I have a Heights aluminum tower 72 feet high. I initially had a Mosley Pro
97 on it, a fairly heavy beam, I believe 100# with about 12 Sq Ft wind load.
I probably had it overloaded. I have discovered several welds which have
broken. As a result I have guyed it with 500# test black covered nylon guy
rope to the bottom of 3 substantial Oak trees. It has reduced the sway
considerably. Currently have a 30 foot boom Tenedyne Log Periodic on it.
So its probably overloaded now too. If it falls it will be my fault. YES
you heard it I will not blame anyone else, not the mail man, not someone who
happens to be looking at it when it falls, no one with deep pockets or any
pockets at all. It will be my fault alone!!! An unguyed tower like this is
very nice to pull antennas to the top, nothing to interfere with it. But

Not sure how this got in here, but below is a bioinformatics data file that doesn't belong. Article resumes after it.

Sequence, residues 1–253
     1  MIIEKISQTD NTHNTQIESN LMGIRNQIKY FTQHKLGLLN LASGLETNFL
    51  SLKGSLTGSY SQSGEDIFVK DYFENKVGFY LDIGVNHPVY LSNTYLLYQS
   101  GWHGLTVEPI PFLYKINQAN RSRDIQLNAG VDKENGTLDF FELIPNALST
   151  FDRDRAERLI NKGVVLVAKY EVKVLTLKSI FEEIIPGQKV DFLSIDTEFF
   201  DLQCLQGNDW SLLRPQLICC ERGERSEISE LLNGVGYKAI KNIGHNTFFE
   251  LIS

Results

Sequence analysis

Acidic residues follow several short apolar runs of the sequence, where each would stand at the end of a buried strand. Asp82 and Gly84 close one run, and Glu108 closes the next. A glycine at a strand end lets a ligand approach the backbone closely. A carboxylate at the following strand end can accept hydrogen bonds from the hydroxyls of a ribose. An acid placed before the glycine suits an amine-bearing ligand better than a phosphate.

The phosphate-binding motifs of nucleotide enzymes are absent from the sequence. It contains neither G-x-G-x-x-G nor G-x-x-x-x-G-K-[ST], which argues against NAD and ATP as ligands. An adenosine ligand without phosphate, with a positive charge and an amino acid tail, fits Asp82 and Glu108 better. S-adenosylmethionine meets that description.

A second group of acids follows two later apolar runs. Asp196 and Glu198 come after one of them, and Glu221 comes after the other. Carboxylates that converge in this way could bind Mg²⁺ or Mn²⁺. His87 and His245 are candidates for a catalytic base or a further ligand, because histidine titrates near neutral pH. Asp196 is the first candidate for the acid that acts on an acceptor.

next time I will be using a conventional steel Rohn guyed tower. I have
learned my lesson. By the way I have the broken welds 'strengthened' with
hose clamps. I bet that will help a lot!!
From: Stan Griffiths <email@example.com>
To: Dave Bowker <firstname.lastname@example.org>
Cc: email@example.com <firstname.lastname@example.org>
Date: Thursday, December 04, 1997 8:23 AM
Subject: Re: [TowerTalk] Aluminum Self-Supporting Towers
>>Does anyone have experience and/or advice to offer on use of aluminum
>>self-supporting towers, such as the Universal Tower series, for supporting
>>large arrays such as the Force 12's with 36' to 44' booms?
>Wow! I wouldn't do it. First, I think aluminum is the wrong material to
>make a tower out of. I know one that formed stress cracks, like all
>aluminum tends to do. Unless it is a VERY expensive alloy, alluminum just
>is not nearly as strong as steel.
>But then, what does the manufacturer say? Whatever it is, get it in
>. . .
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